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Use liveness detection to cut stolen data’s value, and explain why: panel

Use liveness detection to cut stolen data’s value, and explain why: panel

The information that people present as evidence of their identity claims is widely available enough on the internet to undermine identity verification, but biometrics have an inherent security characteristic that separates them from all of the other data. This was the key point of emphasis in a panel discussion on “The Role Biometrics Can Play in Devaluing Stolen Data.”

The panel was part of a policy event on “Identity, Authentication and the Road Ahead” co-hosted by the Better Identity Coalition, FIDO Alliance, and the Identity Theft Resource Center. A recording is available from the Center for Cybersecurity Policy and Law.

FaceTec SVP for North America Jay Meier moderated the panel, and began by turning to CITeR Director Stephanie Schuckers to define what it means to reduce the value of stolen data.

“You’re adding additional layers of security that make it much more difficult for the attackers to use that data, even if they steal it.”

This is possible with liveness detection technology that can identify even advanced deepfakes made with generative AI and injected into video streams.

The panel also included Arun Vemury, speaking not in his role as an advisor to the ITRC, and not representing the Department of Homeland Security, ITRC COO James Lee and National Consumers League VP of Public Policy, Telecom and Fraud John Breyault.

The recent wave of data breaches is the “capture phase” of a crime wave, Meier said, and now we are entering a “harvest phase,” in which the data will be used for fraud.

Lee talked about the urgency of establishing defenses against this expected increase in online fraud. “We’re going to get more of it over time,” he warns. But biometric provide a way to move beyond this vulnerable analysis of static data.

Vemury noted that the inherence factor (something you are) of biometrics allows a relying party to tie the identity back to the original identity binding process, unlike possession and knowledge factors. Without liveness, however, that biometric factor is no different than any other data point that can be typed into a data field.

With each scenario that liveness negates the ability of an attacker to penetrate a system, the stolen data is devalued, Lee pointed out.

But the introduction of new and powerful technologies also makes some people nervous, with some justification, Meier said, while also presenting an opportunity for fear mongering.

Asked about the potential for harmful unintended consequences, Breyault cautioned that even a net win for society should not blind observers to potential costs to consumers. Marginalized, disabled and darker-skinned people may be suspicious of the use of biometric data, based on past use of biometrics that have excluded some people, intentionally or not.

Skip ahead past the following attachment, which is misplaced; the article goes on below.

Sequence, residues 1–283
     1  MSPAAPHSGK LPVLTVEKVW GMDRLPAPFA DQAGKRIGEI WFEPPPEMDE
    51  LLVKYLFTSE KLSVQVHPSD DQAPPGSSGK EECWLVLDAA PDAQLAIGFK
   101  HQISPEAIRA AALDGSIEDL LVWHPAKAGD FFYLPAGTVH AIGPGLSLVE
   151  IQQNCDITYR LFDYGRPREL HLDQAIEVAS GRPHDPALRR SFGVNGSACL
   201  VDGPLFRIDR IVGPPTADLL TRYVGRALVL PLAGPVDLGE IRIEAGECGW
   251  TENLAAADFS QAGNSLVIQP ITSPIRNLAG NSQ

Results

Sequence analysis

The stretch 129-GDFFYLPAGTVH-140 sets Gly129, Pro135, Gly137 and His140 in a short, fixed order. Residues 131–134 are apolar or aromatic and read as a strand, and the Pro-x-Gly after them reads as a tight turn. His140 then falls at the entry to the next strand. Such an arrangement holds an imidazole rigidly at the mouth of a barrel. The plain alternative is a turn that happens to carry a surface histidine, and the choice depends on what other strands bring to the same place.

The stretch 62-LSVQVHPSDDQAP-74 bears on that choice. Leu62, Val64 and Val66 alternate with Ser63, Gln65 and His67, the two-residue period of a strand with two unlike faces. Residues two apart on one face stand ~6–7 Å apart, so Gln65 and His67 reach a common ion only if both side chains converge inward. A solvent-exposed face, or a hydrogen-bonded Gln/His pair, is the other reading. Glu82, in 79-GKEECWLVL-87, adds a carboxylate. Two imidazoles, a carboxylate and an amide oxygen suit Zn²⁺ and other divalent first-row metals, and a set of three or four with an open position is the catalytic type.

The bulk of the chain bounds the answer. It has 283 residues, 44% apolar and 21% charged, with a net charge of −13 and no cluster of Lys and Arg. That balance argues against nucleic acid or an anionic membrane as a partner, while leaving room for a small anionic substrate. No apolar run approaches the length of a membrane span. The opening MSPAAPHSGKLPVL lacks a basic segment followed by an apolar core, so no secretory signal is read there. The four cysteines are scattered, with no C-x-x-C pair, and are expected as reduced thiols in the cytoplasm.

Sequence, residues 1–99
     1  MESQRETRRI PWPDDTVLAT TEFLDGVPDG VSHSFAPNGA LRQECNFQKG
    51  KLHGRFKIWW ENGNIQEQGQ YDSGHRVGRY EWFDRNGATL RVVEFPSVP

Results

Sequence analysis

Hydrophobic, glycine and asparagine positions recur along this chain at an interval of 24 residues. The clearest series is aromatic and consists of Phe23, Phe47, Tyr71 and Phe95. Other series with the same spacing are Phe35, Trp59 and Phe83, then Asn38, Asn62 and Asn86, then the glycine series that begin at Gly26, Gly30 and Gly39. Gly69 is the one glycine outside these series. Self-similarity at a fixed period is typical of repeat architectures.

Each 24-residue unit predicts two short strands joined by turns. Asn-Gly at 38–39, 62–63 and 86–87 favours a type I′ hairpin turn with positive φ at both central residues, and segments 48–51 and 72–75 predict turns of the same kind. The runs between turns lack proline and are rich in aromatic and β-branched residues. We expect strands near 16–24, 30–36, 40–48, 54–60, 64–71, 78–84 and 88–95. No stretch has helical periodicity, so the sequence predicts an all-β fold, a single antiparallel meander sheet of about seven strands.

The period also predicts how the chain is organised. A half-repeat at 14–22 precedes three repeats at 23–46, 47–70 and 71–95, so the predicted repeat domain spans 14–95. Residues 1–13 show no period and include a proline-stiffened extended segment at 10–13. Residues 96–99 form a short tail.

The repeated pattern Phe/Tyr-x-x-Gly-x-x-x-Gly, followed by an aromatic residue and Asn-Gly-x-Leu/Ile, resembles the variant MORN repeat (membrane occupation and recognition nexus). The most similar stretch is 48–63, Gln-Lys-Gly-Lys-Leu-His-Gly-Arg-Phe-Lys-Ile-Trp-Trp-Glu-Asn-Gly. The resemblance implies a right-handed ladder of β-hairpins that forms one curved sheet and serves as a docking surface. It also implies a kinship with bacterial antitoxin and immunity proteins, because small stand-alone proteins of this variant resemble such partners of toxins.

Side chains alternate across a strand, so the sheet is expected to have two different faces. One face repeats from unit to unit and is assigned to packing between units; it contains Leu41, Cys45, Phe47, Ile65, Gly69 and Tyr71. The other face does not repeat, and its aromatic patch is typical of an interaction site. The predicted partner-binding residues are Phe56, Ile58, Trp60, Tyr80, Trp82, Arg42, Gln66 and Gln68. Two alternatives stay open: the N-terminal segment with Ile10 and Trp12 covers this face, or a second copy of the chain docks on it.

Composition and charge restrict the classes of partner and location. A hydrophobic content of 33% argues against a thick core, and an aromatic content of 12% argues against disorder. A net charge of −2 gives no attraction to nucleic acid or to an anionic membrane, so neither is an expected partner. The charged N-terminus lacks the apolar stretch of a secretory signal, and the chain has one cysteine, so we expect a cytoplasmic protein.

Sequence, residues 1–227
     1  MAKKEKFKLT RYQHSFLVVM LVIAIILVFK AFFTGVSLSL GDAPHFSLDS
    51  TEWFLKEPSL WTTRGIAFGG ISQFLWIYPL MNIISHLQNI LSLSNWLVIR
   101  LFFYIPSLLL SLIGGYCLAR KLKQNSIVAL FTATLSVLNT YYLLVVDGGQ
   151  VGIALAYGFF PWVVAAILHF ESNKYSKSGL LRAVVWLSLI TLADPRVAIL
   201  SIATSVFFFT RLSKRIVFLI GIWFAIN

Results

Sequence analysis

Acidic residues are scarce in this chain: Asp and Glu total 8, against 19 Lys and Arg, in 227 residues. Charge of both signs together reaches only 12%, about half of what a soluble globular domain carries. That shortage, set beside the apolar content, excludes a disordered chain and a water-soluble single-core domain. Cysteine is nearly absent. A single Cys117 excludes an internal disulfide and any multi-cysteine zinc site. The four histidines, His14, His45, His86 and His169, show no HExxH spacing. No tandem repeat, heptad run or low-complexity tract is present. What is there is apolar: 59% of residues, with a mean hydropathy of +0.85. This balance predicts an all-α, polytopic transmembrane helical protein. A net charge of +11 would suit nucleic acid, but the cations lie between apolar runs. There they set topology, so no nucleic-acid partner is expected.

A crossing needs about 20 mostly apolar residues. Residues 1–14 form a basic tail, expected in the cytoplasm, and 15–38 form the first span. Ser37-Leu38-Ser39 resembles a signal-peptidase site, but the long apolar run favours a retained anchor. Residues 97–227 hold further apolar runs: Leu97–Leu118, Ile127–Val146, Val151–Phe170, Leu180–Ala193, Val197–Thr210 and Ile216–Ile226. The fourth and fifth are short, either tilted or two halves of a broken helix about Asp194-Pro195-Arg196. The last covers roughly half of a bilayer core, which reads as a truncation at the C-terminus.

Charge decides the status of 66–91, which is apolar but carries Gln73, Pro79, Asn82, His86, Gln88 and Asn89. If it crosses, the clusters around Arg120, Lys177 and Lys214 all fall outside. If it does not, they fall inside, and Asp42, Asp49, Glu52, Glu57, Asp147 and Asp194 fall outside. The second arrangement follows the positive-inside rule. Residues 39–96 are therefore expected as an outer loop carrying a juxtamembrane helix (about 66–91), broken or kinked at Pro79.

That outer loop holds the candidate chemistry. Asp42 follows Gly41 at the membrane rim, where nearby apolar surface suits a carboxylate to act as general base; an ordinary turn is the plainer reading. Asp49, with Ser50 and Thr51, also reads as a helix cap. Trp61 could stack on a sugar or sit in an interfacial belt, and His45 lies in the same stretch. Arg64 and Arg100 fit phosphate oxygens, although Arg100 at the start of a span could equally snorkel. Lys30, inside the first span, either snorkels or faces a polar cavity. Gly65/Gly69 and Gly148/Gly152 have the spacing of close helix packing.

Biometrics should be reserved for certain types of transactions, Vemury suggested. Some online transactions can be carried out with at least some degree of anonymity, Vemury said, which could reduce the number of honey-pots of consumer data for hackers to steal.

When it comes to public perception, Schuckers noted that the term “biometrics” refers to a broad range of applications that covers use cases many people find acceptable, and others that even biometrics advocates consider unacceptable.

“The connection between the biological and the digital is the key piece,” she said, referring to liveness.

Meier noted that consumers and politicians do not seem to be clear on this distinction.

The identity fraud and theft statistics are staggering however, and while Breyault says the consent-based model is generally broken, it should be embraced for biometrics, given a non-coercive implementation. Breyault and Lee both emphasized the value of data minimization for reducing risks to consumers.

The panelists were united in the belief that better explanations to consumers about what is happening and why could encourage the adoption of biometrics and liveness detection.

Meier noted the overlap of the above points with best practices like those identified by DIACC.

Those best practices are important in part because of the tension between the pace of technology adoption needed to stem the tide of fraud and the need for social dialogue, which takes time. Best practices discussed included the disclosures that should be made to consumers, and the need for an alternative pathway for identity verification and authentication.

Ultimately, the panelists agreed that robust tools are available to devalue stolen data today, but they should be selected based on a full range of considerations, including independent testing, and they must be layered properly to be effective.

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